1 INTRODUCTION & BACKGROUND to Skid Mounted LNG Liquefaction For Flare Gas
Skid Mounted LNG Liquefaction For Flare Gas: Natural gas is the cleanest of all fossil fuels, but it is quite expensive to transport and store when compared to oil. In energy terms, at ambient conditions, 1000 litres (1m3) of gas has energy content equivalent to 1 litre of oil. Thus to transport gas economically, it is either liquefied or compressed to increase energy content per unit volume. Consequently, “gas-only” exploration and production is limited to economically recoverable quantities where transport to consumption centres is feasible.
For associated fields, producing oil as well as gas, there are instances when gas is either not produced (re-injected into reservoir) or flared, again owing to commercial considerations. Re-injection of gas into a reservoir is often a sunk cost and so is gas flaring which additionally contributes to environmental degradation. Technological developments in gas production coupled with advances in gas transportation methods are gradually lowering the costs and increasing contribution of this clean hydrocarbon fuel in the world economy. For example, when gas is converted to LNG, its volume is reduced to six-hundredths of the original volume, and so gas transmission costs get significantly reduced.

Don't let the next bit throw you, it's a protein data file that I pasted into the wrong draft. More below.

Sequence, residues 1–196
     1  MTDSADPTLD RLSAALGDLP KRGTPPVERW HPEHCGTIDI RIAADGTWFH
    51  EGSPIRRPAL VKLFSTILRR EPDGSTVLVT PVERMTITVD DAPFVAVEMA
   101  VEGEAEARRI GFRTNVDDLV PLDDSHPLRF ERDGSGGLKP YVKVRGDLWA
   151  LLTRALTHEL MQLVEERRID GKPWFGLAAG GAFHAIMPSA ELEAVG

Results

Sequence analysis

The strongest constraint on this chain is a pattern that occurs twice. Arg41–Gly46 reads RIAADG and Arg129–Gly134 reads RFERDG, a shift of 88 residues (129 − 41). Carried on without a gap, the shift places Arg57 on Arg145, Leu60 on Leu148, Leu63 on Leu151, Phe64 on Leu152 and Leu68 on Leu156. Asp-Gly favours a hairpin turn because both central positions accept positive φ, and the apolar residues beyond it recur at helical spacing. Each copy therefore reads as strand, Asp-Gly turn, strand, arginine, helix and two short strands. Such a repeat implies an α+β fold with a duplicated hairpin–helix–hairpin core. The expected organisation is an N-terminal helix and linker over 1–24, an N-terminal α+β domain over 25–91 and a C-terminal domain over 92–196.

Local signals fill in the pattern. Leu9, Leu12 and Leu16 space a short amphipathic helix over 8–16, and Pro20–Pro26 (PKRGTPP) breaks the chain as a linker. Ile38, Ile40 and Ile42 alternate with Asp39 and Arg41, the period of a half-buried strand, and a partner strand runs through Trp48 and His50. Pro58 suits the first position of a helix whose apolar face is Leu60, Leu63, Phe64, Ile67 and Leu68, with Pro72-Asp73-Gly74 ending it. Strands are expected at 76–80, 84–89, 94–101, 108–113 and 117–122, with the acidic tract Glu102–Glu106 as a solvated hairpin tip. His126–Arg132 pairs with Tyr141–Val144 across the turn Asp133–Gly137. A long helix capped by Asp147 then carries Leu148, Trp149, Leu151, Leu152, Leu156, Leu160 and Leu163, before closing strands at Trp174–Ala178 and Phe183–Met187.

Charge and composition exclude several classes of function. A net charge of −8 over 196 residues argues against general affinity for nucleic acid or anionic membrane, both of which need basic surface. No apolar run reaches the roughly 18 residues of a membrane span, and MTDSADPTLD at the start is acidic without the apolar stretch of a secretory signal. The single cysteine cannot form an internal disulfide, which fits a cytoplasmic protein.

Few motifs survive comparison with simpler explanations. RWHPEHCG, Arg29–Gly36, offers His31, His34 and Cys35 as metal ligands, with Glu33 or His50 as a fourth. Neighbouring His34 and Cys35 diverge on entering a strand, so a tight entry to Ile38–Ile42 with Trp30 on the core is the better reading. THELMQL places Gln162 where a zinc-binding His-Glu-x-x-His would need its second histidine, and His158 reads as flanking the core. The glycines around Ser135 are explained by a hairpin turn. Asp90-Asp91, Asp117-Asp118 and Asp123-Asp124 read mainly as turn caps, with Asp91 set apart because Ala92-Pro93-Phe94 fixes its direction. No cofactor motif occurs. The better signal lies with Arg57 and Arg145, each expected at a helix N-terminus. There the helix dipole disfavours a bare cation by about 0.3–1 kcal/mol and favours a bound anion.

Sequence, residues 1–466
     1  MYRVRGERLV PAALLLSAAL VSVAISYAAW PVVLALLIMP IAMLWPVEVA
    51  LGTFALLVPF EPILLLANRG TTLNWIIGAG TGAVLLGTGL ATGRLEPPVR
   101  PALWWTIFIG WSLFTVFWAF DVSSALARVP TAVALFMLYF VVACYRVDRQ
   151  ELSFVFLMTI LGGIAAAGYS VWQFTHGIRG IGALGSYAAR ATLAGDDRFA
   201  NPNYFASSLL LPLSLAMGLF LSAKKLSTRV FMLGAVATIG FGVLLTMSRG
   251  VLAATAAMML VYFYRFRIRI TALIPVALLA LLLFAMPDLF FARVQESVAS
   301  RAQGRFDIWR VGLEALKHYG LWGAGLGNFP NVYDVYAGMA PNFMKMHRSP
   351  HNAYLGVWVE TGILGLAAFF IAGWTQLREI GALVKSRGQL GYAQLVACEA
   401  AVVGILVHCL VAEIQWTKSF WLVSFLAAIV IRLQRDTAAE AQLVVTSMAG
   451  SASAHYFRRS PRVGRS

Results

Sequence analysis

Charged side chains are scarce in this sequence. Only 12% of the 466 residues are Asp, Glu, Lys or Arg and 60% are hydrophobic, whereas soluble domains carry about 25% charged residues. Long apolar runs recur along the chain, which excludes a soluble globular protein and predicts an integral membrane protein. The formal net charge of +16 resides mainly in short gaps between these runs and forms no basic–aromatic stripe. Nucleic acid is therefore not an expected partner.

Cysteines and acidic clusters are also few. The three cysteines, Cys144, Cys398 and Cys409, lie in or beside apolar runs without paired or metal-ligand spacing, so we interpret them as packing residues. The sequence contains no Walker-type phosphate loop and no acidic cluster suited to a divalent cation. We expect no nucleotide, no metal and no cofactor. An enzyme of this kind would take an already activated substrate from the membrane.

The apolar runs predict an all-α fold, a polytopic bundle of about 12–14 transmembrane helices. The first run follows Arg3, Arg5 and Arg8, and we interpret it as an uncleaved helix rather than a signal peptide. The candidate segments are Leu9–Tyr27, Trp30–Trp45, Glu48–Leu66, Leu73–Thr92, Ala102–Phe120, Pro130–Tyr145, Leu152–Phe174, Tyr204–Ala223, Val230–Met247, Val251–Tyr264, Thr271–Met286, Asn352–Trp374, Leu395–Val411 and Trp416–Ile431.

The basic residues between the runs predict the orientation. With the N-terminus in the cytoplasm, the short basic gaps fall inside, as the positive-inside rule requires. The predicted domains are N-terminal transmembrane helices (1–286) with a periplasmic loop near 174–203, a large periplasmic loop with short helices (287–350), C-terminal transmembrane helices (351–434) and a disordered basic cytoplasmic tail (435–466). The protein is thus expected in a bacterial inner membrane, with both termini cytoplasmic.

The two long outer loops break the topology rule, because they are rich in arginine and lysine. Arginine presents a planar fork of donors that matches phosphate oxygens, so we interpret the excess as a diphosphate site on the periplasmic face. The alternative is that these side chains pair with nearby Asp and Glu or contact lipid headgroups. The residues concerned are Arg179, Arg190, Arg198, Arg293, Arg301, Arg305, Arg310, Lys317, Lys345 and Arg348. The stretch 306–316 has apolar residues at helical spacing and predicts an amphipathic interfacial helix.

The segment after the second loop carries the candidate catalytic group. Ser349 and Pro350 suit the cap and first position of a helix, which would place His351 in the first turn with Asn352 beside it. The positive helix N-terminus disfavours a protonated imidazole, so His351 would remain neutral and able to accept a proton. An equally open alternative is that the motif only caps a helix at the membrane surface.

Until recently flaring was a frequent and unobjectionable practice in the upstream petroleum sector. In 2015 the World Bank took the global initiative of “Zero Routine Flaring by 2030” to end more than a century-old tradition of petroleum industry related to gas flaring at petroleum production sites. There are a growing number of governments, IOCs / NOCs and development institutions who recognize and participate in the on-ground realization of this initiative.
Given previous, commercial interest in implementing solutions for flare gas utilization has significantly improved, with a range of technology applications. One of the most promising options is the conversion of flare gas to LNG through use of mini or small scale LNG liquefaction plants – modular (skid-mounted) LNG liquefaction plants. These skid-mounted LNG liquefaction plants can also be used for producing stranded gas reservoirs which are far from pipeline network to transport produced gas to consumption points conveniently. LNG thus produced through modular LNG liquefaction plants can be shipped conveniently via road tankers for regasification and supply to consumer location or a pipeline network.
1.1 Enabling Environment
Various governments around the world are in the process of putting in place legal frameworks and policy initiatives/guidelines to incentivize flare gas utilization through the use of skid-mounted LNG liquefaction plants in the following forms:
E&P companies are given the option for in-house commercialization of flare gas quantities through the establishment of a downstream subsidiary or through internal gas usage to meet processing plant requirements.
The government takes natural gas produced (free of cost and free from all encumbrances) at the flare gas site location from Petroleum producers (E&P companies) and appoint a qualified party (often selected through competitive bid process) for commercial utilization of such flare gas as well as for saving environmental degradation.